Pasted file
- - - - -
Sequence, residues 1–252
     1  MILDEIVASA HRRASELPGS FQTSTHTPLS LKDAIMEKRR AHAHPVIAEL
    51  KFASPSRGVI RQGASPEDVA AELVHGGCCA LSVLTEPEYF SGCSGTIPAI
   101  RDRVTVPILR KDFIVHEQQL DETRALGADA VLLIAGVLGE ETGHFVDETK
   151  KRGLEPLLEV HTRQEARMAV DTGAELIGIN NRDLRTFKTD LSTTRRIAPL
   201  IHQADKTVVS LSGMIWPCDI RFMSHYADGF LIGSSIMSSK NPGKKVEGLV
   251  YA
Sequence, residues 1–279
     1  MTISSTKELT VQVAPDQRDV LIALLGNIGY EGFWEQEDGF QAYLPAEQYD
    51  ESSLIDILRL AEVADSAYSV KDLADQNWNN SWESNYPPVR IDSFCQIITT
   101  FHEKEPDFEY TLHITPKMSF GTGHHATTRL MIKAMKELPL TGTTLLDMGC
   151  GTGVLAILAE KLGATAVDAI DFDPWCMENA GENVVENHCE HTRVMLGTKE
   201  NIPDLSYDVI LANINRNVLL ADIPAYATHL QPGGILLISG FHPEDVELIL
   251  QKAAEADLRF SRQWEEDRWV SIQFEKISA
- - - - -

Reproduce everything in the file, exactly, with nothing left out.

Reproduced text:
Sequence, residues 1–252
     1  MILDEIVASA HRRASELPGS FQTSTHTPLS LKDAIMEKRR AHAHPVIAEL
    51  KFASPSRGVI RQGASPEDVA AELVHGGCCA LSVLTEPEYF SGCSGTIPAI
   101  RDRVTVPILR KDFIVHEQQL DETRALGADA VLLIAGVLGE ETGHFVDETK
   151  KRGLEPLLEV HTRQEARMAV DTGAELIGIN NRDLRTFKTD LSTTRRIAPL
   201  IHQADKTVVS LSGMIWPCDI RFMSHYADGF LIGSSIMSSK NPGKKVEGLV
   251  YA
Sequence, residues 1–279
     1  MTISSTKELT VQVAPDQRDV LIALLGNIGY EGFWEQEDGF QAYLPAEQYD
    51  ESSLIDILRL AEVADSAYSV KDLADQNWNN SWESNYPPVR IDSFCQIITT
   101  FHEKEPDFEY TLHITPKMSF GTGHHATTRL MIKAMKELPL TGTTLLDMGC
   151  GTGVLAILAE KLGATAVDAI DFDPWCMENA GENVVENHCE HTRVMLGTKE
   201  NIPDLSYDVI LANINRNVLL ADIPAYATHL QPGGILLISG FHPEDVELIL
   251  QKAAEADLRF SRQWEEDRWV SIQFEKISA